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CCGA gets visit from therapy dogs
Posted 12/05/2015 07:20PM
By ANNA HALL l The Brunswick News

Therapy dog Milo, a standard poodle owned by Laura Reeve, left, paid a visit to Jessica Rhodes, right, a library assistant and junior at the College of Coastal Georgia. The four-legged friend came by the college Friday to help students release some of their stress while they prepared for final exams.Therapy dog Milo, a standard poodle owned by Laura Reeve, left, paid a visit to Jessica Rhodes, right, a library assistant and junior at the College of Coastal Georgia. The four-legged friend came by the college Friday to help students release some of their stress while they prepared for final exams.

Late Friday afternoon, Jessica Rhodes had to give a major presentation on the topic of abnormal psychology to her professor and classmates. Adding to her workload, she and her college peers at the College of Coastal Georgia will be going through a rigorous round of final exams this week and next week.

"It's a stressful time of year, for sure," said Rhodes, a junior majoring in education who also works as an aide at the college library.

But it is also one of her favorite times of the year. During finals week, therapy dogs come to the library for several days to pay a visit to college students and to give them a slight reprieve from the pressure of the end of the semester with exams, final projects and presentations.

"This is my favorite part of working in the library. The therapy dog days are the best days of the year," said Rhodes as she petted Milo, a standard poodle owned by Laura Reeve.

Reeve, and fellow volunteer Dottie Brodhag, visited the college Friday morning with their dogs in tow. A part of the Georgia chapter of Therapy Dogs International, the two volunteers roamed the aisles of the library and squeezed between computer stations to let students play with the pups between their studies.

For the past several semesters, Debbie Holmes, dean of libraries for the college, has called on the four-legged friends to help her students ease through the anxiety-filled portion of the semester. The program, she said, has become a major success.

"There is just something about having a dog around that just relaxes you," Holmes said. "Final (exam) days are a high-pressure times for our students. This is one of our most popular events of the whole year."

For freshman art major Nick Lairsey, the day's doggie visit was clearly a highlight of his first year at the college. The Brunswick native is a true canine fan, so having the pups pay him and his friends a visit in the college library made study time a bit more bearable.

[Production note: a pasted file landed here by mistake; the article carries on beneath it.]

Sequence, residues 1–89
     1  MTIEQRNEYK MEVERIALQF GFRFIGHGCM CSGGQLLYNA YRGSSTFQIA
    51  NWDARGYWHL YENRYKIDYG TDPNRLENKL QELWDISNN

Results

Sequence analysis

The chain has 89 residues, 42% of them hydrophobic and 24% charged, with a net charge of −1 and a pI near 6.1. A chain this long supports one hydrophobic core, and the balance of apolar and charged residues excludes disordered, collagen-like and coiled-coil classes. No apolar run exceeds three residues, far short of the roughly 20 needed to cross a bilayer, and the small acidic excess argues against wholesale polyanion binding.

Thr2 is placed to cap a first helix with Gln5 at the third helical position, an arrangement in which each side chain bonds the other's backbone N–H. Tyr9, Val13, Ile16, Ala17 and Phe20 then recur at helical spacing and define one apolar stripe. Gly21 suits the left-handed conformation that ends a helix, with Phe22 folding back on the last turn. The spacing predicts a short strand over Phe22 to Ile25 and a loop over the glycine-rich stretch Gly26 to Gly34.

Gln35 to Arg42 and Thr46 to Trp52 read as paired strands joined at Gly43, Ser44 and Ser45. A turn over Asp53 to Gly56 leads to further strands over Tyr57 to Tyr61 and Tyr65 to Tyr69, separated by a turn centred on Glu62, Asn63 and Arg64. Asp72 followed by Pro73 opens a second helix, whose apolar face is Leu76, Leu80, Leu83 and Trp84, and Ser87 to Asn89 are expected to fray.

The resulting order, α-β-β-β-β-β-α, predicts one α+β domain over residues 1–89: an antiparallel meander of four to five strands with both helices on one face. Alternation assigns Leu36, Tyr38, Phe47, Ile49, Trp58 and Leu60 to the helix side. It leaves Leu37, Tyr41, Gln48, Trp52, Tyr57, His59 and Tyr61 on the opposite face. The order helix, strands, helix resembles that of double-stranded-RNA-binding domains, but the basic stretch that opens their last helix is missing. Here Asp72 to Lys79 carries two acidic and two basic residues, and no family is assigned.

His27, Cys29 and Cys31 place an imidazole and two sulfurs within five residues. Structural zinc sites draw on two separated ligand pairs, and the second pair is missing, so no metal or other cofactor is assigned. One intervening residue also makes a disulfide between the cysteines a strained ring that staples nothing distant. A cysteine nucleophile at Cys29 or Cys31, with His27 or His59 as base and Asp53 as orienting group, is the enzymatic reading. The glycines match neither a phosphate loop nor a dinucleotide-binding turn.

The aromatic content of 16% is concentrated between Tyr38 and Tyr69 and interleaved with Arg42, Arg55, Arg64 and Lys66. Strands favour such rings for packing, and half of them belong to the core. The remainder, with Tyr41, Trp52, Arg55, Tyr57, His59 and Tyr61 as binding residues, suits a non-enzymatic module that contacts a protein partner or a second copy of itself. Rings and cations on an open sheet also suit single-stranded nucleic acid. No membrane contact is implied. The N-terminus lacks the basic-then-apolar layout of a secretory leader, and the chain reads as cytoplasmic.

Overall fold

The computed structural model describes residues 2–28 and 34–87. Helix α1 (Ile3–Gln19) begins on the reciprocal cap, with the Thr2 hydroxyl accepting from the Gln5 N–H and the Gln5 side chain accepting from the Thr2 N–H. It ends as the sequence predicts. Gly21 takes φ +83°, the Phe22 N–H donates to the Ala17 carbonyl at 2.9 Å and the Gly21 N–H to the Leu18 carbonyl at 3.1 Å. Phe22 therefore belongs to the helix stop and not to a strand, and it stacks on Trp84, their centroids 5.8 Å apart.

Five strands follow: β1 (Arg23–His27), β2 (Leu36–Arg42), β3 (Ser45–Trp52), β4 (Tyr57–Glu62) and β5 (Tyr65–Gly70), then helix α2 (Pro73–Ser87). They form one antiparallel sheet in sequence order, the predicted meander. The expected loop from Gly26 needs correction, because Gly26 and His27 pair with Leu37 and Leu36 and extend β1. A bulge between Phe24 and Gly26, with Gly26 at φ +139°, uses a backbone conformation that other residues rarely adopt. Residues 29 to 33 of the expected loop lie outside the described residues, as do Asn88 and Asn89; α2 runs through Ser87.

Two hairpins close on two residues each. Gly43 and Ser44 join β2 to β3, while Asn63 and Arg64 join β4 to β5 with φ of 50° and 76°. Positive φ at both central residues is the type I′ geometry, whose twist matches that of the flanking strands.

"This is my first time ever seeing these dogs in the library, so it's pretty cool," Lairsey said.

While the day's furry fun was new to Lairsey, it was nothing out of the ordinary for Milo and Dixie. The two dogs regularly take trip to area churches, schools, nursing homes and hospitals to help cheer up communities and bring a smile to stressed out faces.

"This is Milo's first time out here. We've loved doing this," said Reeve, Milo's owner. "The students are very responsive, and I think the dogs get as much out of this as the people do. I told Milo that now, he gets to go to college. I think he liked the idea."

For Milo, becoming a therapy dog was an adventure unto itself. The happy, tall standard grey poodle hails from Oklahoma, where Reeve bought him from a breeder. But on the flight to Georgia, the pup came down with an unknown illness.

After landing, Reeve quickly took Milo to the veterinarian, who predicted the dog would not pull through.

But as fate would have it, he did, and Reeve now uses his story to help inspire those who are dealing with hard times.

"When (Milo) landed, the name tag on his crate said Mojo, but I thought, during that flight, he lost his mojo. His name had to change," Reeve said. "It's special when you can take a hard experience and put it into a positive light. There is a lot to be said for looking on the bright side."

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